Lamanites: God's True Favorites?
The sons of Mosiah decide to split up and work their missionary magic in separate corners of the Lamanite realm. This is how they describe the people of their new home:
Thus they were a very indolent people, many of whom did worship idols, and the curse of God had fallen upon them because of the traditions of their fathers; notwithstanding the promises of the Lord were extended unto them on the conditions of repentance.This makes it sound like the Lamanites have things way better than the Nephites. The Nephite's are God's favorites, because they're descended from righteous people, except that he constantly threatens them with destruction if they become wicked. How will God destroy the Nephites? By siccing the Lamanites—who have been wicked the whole time—on them.
Not only that, but the Lamanites are promised the Lord's blessings if they become righteous. So the Nephites are usually righteous but will be destroyed if they turn to the dark side. The Lamanites are usually wicked but are eligible for the "promises of the Lord" if they repent. Who has the better deal? Probably the group that's allowed to be wicked without being destroyed.
For all Nephi's righteousness, his God sure gave his descendants the short end of the stick.
Lamoni: As Dumb as Limhi?
Ammon, one of Mosiah's sons, ventures into the land of Ishmael, where he is captured by Lamanite guards and brought before King Lamoni. Because Lamoni apparently likes to play with his food before he kills it or sentences it to a lifetime in prison, he asks Ammon a question:
And the king inquired of Ammon if it were his desire to dwell in the land among the Lamanites, or among his people.
And Ammon said unto him: Yea, I desire to dwell among this people for a time; yea, and perhaps until the day I die.
And it came to pass that king Lamoni was much pleased with Ammon, and caused that his bands should be loosed; and he would that Ammon should take one of his daughters to wife.Lamoni's men uncover a trespasser in his land and bring him to be judged. Lamoni asks a simple question to which the answer is obvious if you're looking to not piss off a powerful king who is holding you captive. Ammon says, "Yes, of course, I want to live here! In fact, I could live here the rest of my life!" Lamoni is so impressed by the answer that anyone without a death wish would give that he decides to set Ammon free. To top it off, he even decides that Ammon should marry his daughter.
What an idiot.
Does this story sound familiar? It should. A very similar thing happened to another guy named Ammon in Mosiah 7 (see Limhi Gets Himself Conned). So either ancient American kings weren't very bright or Joseph Smith ran out of story ideas and recycled them. I'll add that to the list of reused plot devices in the Book of Mormon:
- Righteous escapees from the Old World build ships to start afresh in America
- An entire society escapes from their oppressive overseers overnight
- An angel visits a non-believer and scares him straight
- A visitor in a foreign land is brought before a stupid king and talks his way out of an execution
I realize this book is more than five hundred pages long, but I'm not even halfway through it yet and there's all these bad recurring storylines.
That Escalated Quickly
Now we come to one of those Book of Mormon stories that every Mormon kid grows up hearing many times.
Ammon somehow refuses to marry Lamoni's daughter without offending him and instead offers his services as a servant. Lamoni sends Ammon to work with his shepherds. While Ammon and his new coworkers are tending to the sheep, some punk Lamanites scare their sheep to intentionally scatter their flock. Ammon's coworkers are devastated because Lamoni will surely kill them (which you'd think would have been enough deterrent for the punks to leave the king's sheep alone) but Ammon convinces them to go find all the sheep. They collect all the sheep, stand around the flock ready to preempt another scattering, and Ammon goes to "contend" with the jerks that messed with the royal livestock.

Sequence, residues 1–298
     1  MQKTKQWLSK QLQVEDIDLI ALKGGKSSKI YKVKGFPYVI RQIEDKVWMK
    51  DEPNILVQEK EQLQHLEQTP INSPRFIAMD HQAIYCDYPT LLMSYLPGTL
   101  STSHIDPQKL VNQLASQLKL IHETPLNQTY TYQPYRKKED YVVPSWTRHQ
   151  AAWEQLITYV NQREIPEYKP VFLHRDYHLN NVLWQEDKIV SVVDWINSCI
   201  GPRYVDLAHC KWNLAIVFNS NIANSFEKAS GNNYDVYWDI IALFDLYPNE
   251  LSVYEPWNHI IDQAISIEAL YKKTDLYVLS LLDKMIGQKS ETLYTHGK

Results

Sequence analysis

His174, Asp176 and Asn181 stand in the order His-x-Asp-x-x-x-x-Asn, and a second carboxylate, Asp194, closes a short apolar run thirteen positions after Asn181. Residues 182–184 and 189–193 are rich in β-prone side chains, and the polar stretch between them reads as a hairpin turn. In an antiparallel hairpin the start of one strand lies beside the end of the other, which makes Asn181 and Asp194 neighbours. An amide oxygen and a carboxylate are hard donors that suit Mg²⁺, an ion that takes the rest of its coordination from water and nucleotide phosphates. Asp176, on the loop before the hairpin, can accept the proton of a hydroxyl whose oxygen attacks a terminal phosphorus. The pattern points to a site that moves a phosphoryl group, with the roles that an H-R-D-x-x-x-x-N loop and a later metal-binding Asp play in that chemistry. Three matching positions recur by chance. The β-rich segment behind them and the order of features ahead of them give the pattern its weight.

Ammon, however, decides to act in a manner very unfit to teach small children about. He makes no attempt at conflict resolution. There's no talk. There's no, "Hey, guys, not cool, cut it out." He didn't negotiate or even argue. He just pulled out his sling and started chucking stones at them. He actually kills some of them.
Then, surprise surprise, the guys are so pissed off that Ammon had murdered their friends that they decide to attack him. Ammon responds with one of the most memorable moments of badassery in the Book of Mormon—he cuts off their arms until they give up and run away.
And verse 38 nicely encapsulates what a great guy Ammon is:
Now six of them had fallen by the sling, but he slew none save it were their leader with his sword; and he smote off as many of their arms as were lifted against him, and they were not a few.Wow! Look at that moral restraint Ammon exercised! He didn't kill any of them except for their leader! Oh, and except for the six guys he took out with his sling. What a stand-up guy! Instead of killing more than seven people in a fight that he started, he only cut off their arms and maimed them for life!
This is not admirable behavior. This is bloodthirsty, hair-trigger violence. It's a powerful story, sure. But it does not deliver a positive message. Maybe if Ammon's sheep had been scattered a few more times. Maybe if Ammon had tried to talk things out first. Maybe if Ammon and his coworkers had been physically assaulted. But none of that happened. Ammon just opened fire, kicked some Lamanite ass, and then goes down in Mormon history as some kind of awesome missionary instead of some kind of senseless murderer.
Don't teach your children this crap!